The Lord is Risen Indeed



The Patriarch Job considered two questions of far-reaching importance in the course of his discussions with his friends: The first "How should man be just with God?" (Job 9: 2); The second "If a man die shall he live again?" (Job 14: 14); but to neither of them could a clear and conclusive answer be given. In Job chapter 9, we see Job's attempts at answering the former question, and how he discards his attempts one by one as worthless, and ends with a cry for a "daysman," or mediator; a cry that was not to be satisfied for perhaps two thousand years. In Job chapter 10, we find him reasoning in favor of resurrection by the analogy of a cut-down tree, which after years springs to life at "the scent of water." He believed that there would be a resurrection, as the fruit of spiritual intuition coupled with reason, for he could not fall back upon any definite word from God as settling the point. A strain of great pathos runs through both chapters.

Today we occupy a far more privileged position than he, for the Lord Jesus has appeared and has "brought life and immortality [incorruptibility] to light through the Gospel" (2 Tim. 1:10). His death and resurrection supplies us with the answer to both questions. If He is risen, we may be justified, and the fact of resurrection is put beyond all question.

When the Apostles preached the Gospel at the outset, they used the resurrection of Christ as the spearhead of the thrust which it makes at the consciences and hearts of men. The priestly class in Jerusalem at that time were Sadducees in doctrine, and hence the impact was felt most keenly by them. They were stirred to fury when the Apostles "preached through Jesus the resurrection from the dead." What did they do in their efforts to counteract the apostolic witness?

They imprisoned them, they beat them and commanded them not to preach in the Name of Jesus, they threatened them, they even martyred Stephen. One thing, however, and that the one conclusive thing, they did not do. They did not meet them with bold and flat denials, giving conclusive proof that Christ was not risen, and that the Apostles were tricky impostors. They did not do it, because they could not do it: it was not possible.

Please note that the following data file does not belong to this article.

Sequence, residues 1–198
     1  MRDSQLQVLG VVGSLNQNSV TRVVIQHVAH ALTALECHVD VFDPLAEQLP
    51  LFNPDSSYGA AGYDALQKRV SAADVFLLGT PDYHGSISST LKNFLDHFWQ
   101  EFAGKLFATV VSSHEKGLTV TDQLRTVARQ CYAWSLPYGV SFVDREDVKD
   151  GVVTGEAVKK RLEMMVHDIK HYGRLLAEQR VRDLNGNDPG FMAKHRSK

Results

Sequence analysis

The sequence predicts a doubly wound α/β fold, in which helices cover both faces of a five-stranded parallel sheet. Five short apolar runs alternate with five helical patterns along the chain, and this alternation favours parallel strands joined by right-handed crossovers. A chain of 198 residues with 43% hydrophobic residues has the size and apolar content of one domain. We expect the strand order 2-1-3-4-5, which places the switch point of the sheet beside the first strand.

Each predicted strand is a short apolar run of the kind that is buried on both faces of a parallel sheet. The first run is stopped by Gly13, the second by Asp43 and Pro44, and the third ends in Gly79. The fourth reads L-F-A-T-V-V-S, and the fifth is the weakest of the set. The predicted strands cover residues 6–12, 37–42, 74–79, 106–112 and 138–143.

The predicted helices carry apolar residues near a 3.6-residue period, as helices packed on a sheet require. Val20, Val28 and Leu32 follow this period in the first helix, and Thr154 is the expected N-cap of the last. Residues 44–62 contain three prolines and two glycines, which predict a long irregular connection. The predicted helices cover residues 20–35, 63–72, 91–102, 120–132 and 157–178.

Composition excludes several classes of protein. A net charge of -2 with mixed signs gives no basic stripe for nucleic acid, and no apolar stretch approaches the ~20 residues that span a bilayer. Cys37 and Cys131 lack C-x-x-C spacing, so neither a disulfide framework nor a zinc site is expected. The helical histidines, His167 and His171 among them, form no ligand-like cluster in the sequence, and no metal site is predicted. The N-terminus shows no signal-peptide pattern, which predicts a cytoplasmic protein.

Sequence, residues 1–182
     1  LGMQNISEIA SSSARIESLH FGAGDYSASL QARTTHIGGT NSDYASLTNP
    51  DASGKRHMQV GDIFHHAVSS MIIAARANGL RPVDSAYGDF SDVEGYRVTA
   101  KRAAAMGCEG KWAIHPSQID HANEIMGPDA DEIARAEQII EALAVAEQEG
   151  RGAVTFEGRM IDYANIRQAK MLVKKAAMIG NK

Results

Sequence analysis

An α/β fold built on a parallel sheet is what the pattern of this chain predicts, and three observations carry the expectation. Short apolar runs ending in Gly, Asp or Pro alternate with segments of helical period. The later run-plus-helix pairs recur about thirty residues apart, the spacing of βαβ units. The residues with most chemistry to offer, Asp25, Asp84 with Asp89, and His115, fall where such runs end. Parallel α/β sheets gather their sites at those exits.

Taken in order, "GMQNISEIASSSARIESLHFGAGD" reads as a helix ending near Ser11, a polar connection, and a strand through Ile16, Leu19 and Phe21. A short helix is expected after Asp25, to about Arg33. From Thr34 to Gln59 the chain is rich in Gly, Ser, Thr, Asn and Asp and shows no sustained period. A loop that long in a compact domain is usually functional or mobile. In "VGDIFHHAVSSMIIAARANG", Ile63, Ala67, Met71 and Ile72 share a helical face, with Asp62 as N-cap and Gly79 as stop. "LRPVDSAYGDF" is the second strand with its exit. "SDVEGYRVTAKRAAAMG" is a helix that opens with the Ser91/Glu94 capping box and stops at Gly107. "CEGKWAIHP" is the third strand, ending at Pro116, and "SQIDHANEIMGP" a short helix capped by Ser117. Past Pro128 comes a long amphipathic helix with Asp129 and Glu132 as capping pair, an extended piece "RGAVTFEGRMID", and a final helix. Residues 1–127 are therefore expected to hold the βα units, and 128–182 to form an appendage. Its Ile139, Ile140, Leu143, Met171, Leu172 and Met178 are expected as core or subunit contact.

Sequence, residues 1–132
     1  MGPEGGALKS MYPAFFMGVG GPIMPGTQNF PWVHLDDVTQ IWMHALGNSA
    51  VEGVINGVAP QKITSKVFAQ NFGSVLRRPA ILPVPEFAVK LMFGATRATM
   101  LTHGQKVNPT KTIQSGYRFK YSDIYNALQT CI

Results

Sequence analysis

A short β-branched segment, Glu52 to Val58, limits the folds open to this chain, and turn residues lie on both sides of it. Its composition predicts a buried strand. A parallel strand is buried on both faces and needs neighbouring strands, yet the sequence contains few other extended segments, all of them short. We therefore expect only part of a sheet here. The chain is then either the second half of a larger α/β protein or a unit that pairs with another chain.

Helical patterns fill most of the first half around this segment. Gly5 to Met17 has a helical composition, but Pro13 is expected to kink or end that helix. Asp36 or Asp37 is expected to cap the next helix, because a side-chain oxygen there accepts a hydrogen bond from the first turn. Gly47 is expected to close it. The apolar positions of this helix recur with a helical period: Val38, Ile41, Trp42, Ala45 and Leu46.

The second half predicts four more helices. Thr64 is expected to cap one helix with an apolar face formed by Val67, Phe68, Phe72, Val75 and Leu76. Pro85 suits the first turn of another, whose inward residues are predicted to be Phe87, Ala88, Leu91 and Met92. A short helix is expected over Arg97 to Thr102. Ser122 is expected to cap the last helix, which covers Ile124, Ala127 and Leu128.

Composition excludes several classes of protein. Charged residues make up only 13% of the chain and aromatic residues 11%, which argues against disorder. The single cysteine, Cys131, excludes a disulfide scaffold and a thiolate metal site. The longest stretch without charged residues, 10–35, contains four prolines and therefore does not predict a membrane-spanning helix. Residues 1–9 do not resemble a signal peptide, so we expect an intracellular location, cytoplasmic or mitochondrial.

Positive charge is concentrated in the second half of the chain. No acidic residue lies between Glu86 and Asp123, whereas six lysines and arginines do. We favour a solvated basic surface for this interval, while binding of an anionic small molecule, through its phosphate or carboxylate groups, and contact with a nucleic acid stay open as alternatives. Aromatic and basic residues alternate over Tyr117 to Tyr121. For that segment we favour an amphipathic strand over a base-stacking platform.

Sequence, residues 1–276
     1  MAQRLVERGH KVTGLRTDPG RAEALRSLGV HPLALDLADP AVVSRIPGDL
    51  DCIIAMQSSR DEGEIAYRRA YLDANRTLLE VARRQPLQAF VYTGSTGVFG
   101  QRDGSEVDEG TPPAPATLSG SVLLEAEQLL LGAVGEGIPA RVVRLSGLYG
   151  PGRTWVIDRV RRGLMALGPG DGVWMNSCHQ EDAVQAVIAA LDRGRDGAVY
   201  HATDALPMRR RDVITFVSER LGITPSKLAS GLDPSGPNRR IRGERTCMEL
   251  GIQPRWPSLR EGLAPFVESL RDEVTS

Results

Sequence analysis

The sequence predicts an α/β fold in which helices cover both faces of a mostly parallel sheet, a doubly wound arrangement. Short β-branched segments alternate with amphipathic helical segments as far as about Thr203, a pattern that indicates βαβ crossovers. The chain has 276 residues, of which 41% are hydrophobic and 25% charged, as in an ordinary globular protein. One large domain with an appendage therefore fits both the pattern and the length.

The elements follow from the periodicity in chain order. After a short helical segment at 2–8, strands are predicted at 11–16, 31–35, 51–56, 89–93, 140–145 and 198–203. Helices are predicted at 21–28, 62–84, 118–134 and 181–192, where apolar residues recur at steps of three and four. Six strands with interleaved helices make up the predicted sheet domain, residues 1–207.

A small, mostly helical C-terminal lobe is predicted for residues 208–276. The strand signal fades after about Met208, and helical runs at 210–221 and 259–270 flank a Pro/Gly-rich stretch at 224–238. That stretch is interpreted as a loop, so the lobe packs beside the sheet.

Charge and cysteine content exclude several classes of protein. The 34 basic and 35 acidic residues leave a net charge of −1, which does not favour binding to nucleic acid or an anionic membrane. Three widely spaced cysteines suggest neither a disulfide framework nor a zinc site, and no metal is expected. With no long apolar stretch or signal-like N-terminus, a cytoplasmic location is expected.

As we read the opening chapters of the Acts, and remember this, Matthew 28:11-15 becomes more significant. These same Sadduceean priests had stooped to a big act of bribery in connection with the soldiers ordered to watch the grave - and committed themselves to an even more expensive act of bribery, if necessary, in connection with the Governor - in order to pervert their witness to His resurrection. Yet it is evident that, when only a few months had passed, the lie they had winged on its way had proved itself too fragile to be depended on. They dared not take their stand upon it.

"With great power gave the Apostles witness of the resurrection of the Lord Jesus," and signs and wonders were wrought by God in confirmation of their testimony. A notable sign was the cure of the lame man that for many years had lain at the Beautiful gate of the temple. This specially raised the ire of the chief priests because the whole episode was a notable ratification of the resurrection, and in Acts 4 three things are emphasized in connection with it. Much as they longed to invalidate its witness, (1) "they could say nothing against it" (Acts 4: 14); (2) they had to confess, "we cannot deny it" (Acts 4: 16); and (3) they found "nothing how they might punish them" (Acts 4: 21).

We all know that when men are confronted with a fact they hate, they will deny it, if they can. If they cannot deny it, they will speak against it; criticizing the mode or the method of the thing, when they cannot refute the substance of the thing. Lastly, as a more desperate expedient, they will attack and persecute those who witness to the fact, if they furnish them with the smallest pretext for it. All three devices failed in connection with this miracle; and it would be equally true to say that they failed against the truth of the resurrection of Christ, to which the miracle bore witness.